Invokana Lawsuit – Injuries and Death
The type 2 diabetes drug Invokana and other SGLT2 inhibitors have been linked to serious injuries and side effects such as:
- kidney failure
- heart attack
- heart failure
- diabetic coma
- hydrocephalus (fluid on the brain)
How Do I File an Invokana Lawsuit?
If you or a loved one took Invokana or another SGLT2 inhibitor and suffered any of these serious injuries or died, you may be entitled to a cash award and compensation for medical expenses. For a free confidential consultation with Invokana lawyers at our law firm, please call 1.800.988.8005 or submit an email inquiry above.
About Invokana and Other SGLT2 Inhibitors
SGLT2 (sodium-glucose cotransporter-2) inhibitors, such as Invokana, are a class of prescription medicines that are FDA approved for use with diet and exercise to lower blood sugar in adults with type 2 diabetes. SGLT2 inhibitors lower blood sugar by causing the kidneys to remove sugar from the body through the urine.
|Brand name||Active ingredient(s)|
|Invokamet||canagliflozin and metformin|
|Xigduo XR||dapagliflozin and metformin extended-release|
|Glyxambi||empagliflozin and linagliptin|
|Synjardy||empagliflozin and metformin|
FDA Drug Safety Warning Regarding Invokana and Other SGLT2 Inhibitors
[5-15-2015] The U.S. Food and Drug Administration (FDA) has warned that the type 2 diabetes SGLT2 inhibitors may lead to ketoacidosis, a serious condition where the body produces high levels of blood acids called ketones that may require hospitalization.
A search of the FDA Adverse Event Reporting System (FAERS) database identified reports of diabetic ketoacidosis (DKA) in patients treated with SGLT2 inhibitors. All patients required emergency room visits or hospitalization to treat the ketoacidosis. Since June 2014, the FDA has continued to receive additional FAERS reports for DKA and ketoacidosis in patients treated with SGLT2 inhibitors.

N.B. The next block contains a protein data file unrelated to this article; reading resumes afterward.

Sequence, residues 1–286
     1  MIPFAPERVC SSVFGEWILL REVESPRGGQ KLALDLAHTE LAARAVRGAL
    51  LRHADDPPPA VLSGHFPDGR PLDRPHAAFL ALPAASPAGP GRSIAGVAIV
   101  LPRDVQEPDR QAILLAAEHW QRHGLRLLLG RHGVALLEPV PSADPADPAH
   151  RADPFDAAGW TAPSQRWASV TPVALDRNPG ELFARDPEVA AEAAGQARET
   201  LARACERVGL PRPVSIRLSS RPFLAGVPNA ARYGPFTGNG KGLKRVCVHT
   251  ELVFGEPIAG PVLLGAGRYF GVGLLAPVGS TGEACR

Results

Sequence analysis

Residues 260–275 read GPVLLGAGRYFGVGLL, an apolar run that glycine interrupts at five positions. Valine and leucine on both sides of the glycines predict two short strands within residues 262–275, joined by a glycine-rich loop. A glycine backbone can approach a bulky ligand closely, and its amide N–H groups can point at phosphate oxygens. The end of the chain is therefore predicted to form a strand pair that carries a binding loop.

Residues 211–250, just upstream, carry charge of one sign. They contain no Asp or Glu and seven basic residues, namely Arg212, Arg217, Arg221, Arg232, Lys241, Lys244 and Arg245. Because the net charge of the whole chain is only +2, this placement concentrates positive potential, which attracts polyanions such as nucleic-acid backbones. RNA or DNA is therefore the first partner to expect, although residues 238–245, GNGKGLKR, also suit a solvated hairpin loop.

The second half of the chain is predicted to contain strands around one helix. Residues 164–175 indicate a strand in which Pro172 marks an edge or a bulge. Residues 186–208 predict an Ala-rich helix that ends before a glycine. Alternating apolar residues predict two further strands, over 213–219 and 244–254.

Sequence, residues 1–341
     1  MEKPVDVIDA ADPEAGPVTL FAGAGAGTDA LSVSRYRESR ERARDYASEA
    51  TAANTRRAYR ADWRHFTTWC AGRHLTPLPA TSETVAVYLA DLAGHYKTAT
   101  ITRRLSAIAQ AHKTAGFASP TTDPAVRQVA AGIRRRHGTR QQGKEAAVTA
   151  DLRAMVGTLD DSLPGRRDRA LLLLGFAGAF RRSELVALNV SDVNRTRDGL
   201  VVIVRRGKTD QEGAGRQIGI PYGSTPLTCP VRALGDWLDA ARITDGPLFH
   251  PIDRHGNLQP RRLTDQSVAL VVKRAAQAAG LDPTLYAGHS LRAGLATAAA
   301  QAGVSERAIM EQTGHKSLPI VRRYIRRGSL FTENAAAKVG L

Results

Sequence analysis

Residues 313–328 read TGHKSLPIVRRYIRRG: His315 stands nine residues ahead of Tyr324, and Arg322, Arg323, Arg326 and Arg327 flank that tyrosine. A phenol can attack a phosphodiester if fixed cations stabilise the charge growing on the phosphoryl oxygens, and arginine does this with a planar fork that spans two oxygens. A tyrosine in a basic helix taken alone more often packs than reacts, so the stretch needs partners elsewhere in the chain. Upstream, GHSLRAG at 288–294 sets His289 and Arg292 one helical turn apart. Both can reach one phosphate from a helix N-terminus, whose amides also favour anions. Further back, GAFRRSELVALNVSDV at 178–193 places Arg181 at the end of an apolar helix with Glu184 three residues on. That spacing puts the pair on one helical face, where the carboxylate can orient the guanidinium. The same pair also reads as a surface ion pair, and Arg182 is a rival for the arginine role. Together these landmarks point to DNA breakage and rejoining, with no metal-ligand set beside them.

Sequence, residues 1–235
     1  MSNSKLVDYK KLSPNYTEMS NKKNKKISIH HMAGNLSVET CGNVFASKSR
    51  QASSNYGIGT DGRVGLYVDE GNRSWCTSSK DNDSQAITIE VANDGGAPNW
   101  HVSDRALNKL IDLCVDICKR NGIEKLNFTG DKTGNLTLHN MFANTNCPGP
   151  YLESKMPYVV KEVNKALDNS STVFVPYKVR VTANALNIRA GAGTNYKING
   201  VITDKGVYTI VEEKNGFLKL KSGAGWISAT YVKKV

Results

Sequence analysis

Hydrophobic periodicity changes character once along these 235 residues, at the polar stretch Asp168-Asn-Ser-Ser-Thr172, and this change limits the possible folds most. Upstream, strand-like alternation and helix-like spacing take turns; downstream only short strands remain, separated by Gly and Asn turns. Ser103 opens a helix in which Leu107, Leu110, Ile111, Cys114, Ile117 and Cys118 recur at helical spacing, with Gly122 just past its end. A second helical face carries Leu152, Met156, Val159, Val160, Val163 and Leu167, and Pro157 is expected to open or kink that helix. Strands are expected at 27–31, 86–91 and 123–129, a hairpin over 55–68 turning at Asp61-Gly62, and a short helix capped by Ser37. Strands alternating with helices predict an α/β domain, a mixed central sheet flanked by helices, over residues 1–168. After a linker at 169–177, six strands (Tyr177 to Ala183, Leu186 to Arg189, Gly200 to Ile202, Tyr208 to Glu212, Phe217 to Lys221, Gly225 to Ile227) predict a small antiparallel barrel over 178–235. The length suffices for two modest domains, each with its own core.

The FDA is continuing to investigate this safety issue. Additional reports of DKA continue to be submitted to the FDA, and they will determine whether changes are needed in the labeling for this class of drugs.
[12-4-2015] A FDA safety review has resulted in adding warnings to the labels of SGLT2 inhibitors about the risks of too much acid in the blood and of serious urinary tract infections. Both conditions can result in hospitalization.
A review of the FDA Adverse Event Reporting System (FAERS) database from March 2013 to May 2015 identified 73 cases of ketoacidosis in patients with type 1 or type 2 diabetes treated with SGLT2 inhibitors. FAERS includes only reports submitted to FDA, so there are likely additional cases about which we are unaware. All patients required hospitalization or treatment in an emergency department. In many cases, ketoacidosis was not immediately recognized because the blood glucose levels were below those typically expected for diabetic ketoacidosis. As a result, treatment of the ketoacidosis was delayed in some cases.
The FDA also identified 19 cases of life-threatening blood infections (urosepsis) and kidney infections (pyelonephritis) that started as urinary tract infections with the SGLT2 inhibitors reported to FAERS from March 2013 through October 2014. All 19 patients were hospitalized, and a few required admission to an intensive care unit or dialysis in order to treat kidney failure.
As a result, the FDA has added new Warnings and Precautions to the labels of all SGLT2 inhibitors to describe the two safety issues, and to provide prescribing and monitoring recommendations. The FDA is also requiring manufacturers of SGLT2 inhibitors to conduct a required postmarketing study. This required enhanced pharmacovigilance study requests that manufacturers perform analyses of spontaneous postmarketing reports of ketoacidosis in patients treated with SGLT2 inhibitors, including specialized follow-up to collect additional information, for a period of 5 years.
What is Ketoacidosis and what are the Symptoms?